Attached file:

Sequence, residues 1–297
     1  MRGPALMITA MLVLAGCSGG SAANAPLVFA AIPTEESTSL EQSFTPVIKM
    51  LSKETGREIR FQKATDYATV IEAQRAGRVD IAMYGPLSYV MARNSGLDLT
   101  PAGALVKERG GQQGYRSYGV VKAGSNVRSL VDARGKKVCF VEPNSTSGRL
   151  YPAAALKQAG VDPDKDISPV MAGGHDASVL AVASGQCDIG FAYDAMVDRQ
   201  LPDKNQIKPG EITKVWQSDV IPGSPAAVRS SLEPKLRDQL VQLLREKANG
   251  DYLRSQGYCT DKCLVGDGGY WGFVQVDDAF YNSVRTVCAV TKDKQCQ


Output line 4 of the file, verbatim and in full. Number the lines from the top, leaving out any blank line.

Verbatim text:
   101  PAGALVKERG GQQGYRSYGV VKAGSNVRSL VDARGKKVCF VEPNSTSGRL